I don’t know about you, but in studying the Bible I can get off on a rabbit trail. I actually enjoy these little adventures, because God is in every part of those searches.

Recently I started off in Mark 2, and then somehow ended up at Colossians 4:6: “Let your conversation be always full of grace, seasoned with salt, so that you may know how to answer everyone.”

I believe God led me to break down this Scripture bit by bit. The first words that struck me between the eyes were “your conversation.”

We need to take ownership of what we say. I have several issues — being disrespected being the biggest — that will trigger reactions that most certainly are not pleasing to God, nor would they invite people to look at the changes Jesus has made in my life.

Then, as I read the words “always full of grace,” God urged me to look deeply and chew on those words.

I’m still chewing. Always?

The Greek transliterated is “pantote: at all times, always, ever.”

Can my conversations at all times be full of grace? I had to understand and re-examine grace. The Greek word for grace is “charis: grace of speech, goodwill, loving-kindness.” When I started to doubt if this was actually possible, the Holy Spirit brought Philippians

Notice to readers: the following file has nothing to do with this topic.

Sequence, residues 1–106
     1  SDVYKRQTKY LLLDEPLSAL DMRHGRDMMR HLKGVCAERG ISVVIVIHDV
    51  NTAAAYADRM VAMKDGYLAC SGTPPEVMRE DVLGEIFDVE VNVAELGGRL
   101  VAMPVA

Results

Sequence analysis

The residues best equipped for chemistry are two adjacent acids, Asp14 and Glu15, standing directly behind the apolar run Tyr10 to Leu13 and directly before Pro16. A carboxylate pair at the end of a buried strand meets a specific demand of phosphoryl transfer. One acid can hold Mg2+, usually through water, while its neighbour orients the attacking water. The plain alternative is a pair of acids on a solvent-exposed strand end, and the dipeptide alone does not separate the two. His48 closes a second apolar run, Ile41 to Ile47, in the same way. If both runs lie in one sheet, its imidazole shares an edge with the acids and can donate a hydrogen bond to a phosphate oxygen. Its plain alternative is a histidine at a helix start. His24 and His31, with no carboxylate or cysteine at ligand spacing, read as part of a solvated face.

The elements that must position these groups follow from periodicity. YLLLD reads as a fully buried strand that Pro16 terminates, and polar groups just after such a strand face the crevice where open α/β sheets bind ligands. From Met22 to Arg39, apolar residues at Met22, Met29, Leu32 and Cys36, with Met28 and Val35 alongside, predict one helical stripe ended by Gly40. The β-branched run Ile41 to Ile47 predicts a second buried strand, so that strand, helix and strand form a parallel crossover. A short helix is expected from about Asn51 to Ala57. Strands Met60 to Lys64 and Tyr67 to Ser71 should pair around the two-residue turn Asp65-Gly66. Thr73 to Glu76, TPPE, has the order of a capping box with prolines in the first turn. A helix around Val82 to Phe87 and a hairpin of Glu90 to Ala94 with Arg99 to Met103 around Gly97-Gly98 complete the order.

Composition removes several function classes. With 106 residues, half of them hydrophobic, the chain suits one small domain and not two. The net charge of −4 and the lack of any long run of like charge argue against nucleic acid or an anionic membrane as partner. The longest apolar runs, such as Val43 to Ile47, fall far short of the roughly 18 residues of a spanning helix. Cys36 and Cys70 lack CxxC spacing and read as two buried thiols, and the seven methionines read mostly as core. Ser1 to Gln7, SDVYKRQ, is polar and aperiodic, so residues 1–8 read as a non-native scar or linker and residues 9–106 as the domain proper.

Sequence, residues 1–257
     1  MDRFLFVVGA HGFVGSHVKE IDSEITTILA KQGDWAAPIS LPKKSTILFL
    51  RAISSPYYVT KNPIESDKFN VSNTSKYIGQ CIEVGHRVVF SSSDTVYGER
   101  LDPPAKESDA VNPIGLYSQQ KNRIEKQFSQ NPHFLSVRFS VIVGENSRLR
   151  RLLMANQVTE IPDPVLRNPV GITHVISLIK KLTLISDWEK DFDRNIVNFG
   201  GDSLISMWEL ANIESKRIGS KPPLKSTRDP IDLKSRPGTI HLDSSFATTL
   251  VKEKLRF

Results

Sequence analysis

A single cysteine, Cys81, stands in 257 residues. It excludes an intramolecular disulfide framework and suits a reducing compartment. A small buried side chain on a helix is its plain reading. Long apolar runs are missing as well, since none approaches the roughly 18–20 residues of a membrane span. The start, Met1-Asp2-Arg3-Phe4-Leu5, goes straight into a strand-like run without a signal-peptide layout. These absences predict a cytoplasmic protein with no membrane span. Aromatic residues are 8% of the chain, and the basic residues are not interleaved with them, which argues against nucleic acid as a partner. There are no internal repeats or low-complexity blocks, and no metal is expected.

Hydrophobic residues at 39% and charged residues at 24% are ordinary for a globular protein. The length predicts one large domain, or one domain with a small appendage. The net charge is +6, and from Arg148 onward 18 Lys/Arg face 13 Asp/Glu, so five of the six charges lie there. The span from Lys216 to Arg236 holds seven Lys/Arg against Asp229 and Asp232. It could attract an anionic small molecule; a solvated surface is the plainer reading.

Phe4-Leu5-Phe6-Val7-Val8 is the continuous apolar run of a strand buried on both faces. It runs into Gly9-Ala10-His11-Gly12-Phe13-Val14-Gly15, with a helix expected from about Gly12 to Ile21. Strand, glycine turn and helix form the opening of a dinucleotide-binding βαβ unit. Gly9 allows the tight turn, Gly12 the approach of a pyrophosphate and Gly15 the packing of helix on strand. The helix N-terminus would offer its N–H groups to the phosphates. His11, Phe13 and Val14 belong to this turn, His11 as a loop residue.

4:13 to mind: “I can do all things, through Christ who strengthens me.”

The last part of Colossians 4:6, “so that you may know how to answer everyone,” was the closer for me. I asked myself, and then God, “Why is this so important?” Through the course of discussions with my Mom and other friends, here is my conclusion: Our speech must be grace-filled at all times, because people who don’t know Jesus are watching all the time. What draws people into asking questions about what’s different in our lives? If our speech isn’t any different from anyone else’s, there’s no attraction. If they continue to witness marriages falling apart, bickering among brothers and sisters, bitterness, unforgiveness and gossip, why would they want what we have?

People’s eternal destinies are at stake. That’s why we must at all times be aware of grace. God has extended grace to you and me. We must, therefore, extend it to everyone, especially those who don’t deserve it — like me!

Grace leads people to ask the question, “What’s different?”